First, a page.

Maximize your strength training routine by cutting out these time wasters.Read article
Ever had one of those afternoons, when the proverbial day at the beach suddenly turns into the opening scene from Saving Private Ryan? It's Dec. 9, 2001, and there you are living the California dream on a sunny Sunday afternoon, tooling through Santa Monica on your Harley-Davidson, when the car in front of you brakes without warning and your front wheel makes a crunching acquaintance with the car's rear fender. Before you can say "Evel Knievel," you find yourself lying in the road staring at the underside of said motor with your bike on top of you. Jeez, you inked the deal for Terminator 3 only last month and already the stunts have started.
"You've broken six ribs, Mr. Schwarzenegger," says the physician looking down at you. "You shouldn't do anything too physical for three months." Which is kinda like telling Anna Nicole Smith to stay out of Baskin-Robbins.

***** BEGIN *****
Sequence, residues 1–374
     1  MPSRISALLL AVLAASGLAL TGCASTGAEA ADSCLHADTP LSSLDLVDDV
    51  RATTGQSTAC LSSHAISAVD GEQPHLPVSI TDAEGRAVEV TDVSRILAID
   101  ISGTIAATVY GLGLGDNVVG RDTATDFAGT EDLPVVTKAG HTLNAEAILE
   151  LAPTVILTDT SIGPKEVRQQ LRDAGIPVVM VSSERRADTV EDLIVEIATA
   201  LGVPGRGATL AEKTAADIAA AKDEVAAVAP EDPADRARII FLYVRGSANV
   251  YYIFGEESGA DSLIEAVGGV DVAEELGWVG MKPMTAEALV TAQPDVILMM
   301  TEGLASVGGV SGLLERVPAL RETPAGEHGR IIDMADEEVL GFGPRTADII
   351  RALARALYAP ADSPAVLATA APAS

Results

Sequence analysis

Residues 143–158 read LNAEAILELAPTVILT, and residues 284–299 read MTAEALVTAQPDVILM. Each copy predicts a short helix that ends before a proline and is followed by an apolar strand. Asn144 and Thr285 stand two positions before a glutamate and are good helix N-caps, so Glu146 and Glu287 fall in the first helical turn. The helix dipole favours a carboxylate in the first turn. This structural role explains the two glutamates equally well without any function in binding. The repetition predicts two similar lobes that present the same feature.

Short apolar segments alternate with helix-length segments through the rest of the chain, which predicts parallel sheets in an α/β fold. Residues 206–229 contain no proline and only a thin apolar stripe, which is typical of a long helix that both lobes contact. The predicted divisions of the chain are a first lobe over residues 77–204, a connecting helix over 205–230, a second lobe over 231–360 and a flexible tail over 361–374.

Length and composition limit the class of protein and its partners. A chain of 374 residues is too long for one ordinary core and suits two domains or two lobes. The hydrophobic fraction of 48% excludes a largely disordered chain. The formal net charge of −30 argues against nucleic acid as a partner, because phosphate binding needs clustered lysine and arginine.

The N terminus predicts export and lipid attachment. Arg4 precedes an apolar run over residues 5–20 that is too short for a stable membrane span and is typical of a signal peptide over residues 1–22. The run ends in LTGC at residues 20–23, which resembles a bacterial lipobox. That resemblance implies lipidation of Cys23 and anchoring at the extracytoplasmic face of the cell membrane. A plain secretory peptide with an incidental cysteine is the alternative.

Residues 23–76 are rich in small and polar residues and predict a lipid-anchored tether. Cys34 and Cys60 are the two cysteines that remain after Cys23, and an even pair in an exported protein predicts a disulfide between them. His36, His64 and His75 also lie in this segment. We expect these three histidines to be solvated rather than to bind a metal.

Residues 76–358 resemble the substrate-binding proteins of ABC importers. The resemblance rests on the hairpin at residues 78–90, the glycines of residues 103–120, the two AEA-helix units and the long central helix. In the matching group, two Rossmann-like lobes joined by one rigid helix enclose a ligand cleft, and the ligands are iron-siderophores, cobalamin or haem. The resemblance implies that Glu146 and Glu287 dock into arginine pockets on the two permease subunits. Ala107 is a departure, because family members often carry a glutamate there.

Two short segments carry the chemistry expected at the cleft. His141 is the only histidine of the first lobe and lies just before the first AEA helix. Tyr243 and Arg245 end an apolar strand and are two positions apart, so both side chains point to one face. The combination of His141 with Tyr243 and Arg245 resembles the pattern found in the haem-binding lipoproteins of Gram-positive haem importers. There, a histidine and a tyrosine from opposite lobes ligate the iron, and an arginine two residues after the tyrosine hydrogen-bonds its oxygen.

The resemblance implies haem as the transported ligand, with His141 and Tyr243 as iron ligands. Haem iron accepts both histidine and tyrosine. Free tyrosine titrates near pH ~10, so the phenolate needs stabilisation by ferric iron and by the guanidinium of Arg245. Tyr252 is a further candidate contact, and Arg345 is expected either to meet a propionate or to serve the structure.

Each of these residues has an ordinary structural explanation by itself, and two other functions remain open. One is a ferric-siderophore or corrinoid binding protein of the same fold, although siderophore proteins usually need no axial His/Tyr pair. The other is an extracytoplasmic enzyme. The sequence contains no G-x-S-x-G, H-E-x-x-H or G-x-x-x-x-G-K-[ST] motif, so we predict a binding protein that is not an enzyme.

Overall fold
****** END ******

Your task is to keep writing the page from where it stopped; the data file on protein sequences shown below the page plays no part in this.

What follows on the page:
With a reported budget in excess of $170 million, Terminator 3: Rise of the Machines is the most expensive movie ever greenlit. Filming starts in four months and there you are studying the intricacies of hospital ceiling decor. Wait till the producers hear that their star has traded his Harley for a gurney.
The original Terminator, released in 1984, put you, a seven-time Mr. Olympia, in the superstar bracket and established a new genre of action hero. Action heroes with muscles. Your on-screen emergence occurred at the vanguard of the early '80s fitness boom and saw you appointed as figurehead of the "muscles are chic" movement.